I found that when you look forward to that unknown point in the future, or you experience it and survive, everything changes. Instead of focusing on yourself, you start to focus on others -- your fulfillment comes from something higher than the worship of self. Gratefulness becomes core to who you are and you start to lose the lens of self-importance.
The perspective flips from, "What experiences can I get? How much wealth can I accumulate? How much money can I make? What kind of car do I want to drive, how big of a house can I afford?
"How many people can I welcome? What good can I do? How much can I give away? How many people can I genuinely engage with and be present with?
And it changes how you view your everyday life. For example, we can walk up to this stage today and make it about ourselves. We can walk up here, smile, wave, and go sit back down with the thought that we deserve this, we worked for this, these people are here to celebrate us, and now we get to sail off into a full time job, make lots of money, climb the corporate ladder, and live the dream.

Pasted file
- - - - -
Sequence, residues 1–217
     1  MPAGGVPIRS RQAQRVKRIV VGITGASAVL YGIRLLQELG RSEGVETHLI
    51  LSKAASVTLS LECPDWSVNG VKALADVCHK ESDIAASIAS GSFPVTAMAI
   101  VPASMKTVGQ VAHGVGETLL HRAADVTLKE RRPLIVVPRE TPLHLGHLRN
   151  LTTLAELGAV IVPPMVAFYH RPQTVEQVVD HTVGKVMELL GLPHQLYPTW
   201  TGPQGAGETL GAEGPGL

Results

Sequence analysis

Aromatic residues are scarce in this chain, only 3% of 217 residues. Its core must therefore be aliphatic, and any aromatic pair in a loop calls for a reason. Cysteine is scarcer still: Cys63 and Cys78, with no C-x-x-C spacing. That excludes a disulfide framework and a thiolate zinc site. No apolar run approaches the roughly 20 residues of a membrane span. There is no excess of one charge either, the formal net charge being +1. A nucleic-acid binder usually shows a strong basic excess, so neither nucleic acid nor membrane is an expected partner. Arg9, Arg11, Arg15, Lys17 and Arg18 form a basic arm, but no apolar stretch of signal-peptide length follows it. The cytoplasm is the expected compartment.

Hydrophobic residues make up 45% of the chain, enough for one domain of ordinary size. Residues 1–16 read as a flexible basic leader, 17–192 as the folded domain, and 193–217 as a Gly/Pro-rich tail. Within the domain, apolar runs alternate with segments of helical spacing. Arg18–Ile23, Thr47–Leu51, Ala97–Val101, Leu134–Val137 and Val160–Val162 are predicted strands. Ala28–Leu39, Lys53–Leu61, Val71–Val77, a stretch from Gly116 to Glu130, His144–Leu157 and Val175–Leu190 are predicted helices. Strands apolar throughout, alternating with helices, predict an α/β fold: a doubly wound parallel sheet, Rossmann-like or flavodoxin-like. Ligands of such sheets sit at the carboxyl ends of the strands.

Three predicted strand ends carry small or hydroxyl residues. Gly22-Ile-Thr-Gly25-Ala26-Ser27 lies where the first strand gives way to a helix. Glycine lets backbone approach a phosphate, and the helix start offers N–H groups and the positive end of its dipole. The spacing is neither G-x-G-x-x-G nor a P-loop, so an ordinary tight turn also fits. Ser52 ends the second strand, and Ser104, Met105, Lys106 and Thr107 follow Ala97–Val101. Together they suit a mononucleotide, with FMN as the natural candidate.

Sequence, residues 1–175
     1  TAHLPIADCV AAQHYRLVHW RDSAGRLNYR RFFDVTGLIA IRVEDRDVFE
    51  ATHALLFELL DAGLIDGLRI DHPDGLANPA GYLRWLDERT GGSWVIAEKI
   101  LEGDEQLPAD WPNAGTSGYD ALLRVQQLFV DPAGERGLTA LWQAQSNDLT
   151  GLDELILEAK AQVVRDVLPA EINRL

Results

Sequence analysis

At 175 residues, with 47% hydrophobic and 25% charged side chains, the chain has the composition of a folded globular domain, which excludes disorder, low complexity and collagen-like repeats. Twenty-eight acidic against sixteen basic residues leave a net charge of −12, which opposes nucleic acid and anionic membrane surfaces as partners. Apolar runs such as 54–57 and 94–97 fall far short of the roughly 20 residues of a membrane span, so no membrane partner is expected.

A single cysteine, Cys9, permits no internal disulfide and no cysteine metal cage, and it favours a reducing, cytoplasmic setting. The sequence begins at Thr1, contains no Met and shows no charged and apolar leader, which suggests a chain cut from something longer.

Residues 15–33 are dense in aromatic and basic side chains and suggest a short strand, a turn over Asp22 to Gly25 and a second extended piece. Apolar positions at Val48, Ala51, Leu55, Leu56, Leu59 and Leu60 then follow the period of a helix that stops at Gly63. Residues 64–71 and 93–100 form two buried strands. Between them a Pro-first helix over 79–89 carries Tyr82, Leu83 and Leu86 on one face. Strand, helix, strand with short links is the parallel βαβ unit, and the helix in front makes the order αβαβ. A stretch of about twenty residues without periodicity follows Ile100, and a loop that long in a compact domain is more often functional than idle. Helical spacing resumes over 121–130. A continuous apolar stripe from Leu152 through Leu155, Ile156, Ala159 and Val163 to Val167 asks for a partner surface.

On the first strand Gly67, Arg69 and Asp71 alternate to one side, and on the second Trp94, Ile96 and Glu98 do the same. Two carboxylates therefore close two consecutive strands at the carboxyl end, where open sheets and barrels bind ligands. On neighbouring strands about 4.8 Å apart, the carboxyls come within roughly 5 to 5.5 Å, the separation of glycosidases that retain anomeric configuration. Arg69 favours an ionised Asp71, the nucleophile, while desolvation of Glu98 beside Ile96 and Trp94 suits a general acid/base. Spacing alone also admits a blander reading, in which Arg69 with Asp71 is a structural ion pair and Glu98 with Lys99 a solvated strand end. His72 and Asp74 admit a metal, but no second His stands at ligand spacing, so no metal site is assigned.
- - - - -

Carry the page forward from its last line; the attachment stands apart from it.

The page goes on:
Or we can have another perspective today. We can get up here, walk across the line, and look back on the last four years with a heart of utmost gratitude for all of the people sitting here. We can realize that today is not just a celebration of all the hard work we have done, but also a celebration of all the people and resources that have made this day possible for us. We can go sit back down, and rather than dream of all the money we will be making, dream of how we are going to take these degrees and go make a difference in the world -- whether in a corporate office, start up business, position in government, etc. We can understand that today we join the ranks of about 7 percent of all people globally that have the education and backing of a college degree, and from this position we stand prepared, to go off into the world and use all we have and know for meaningful use.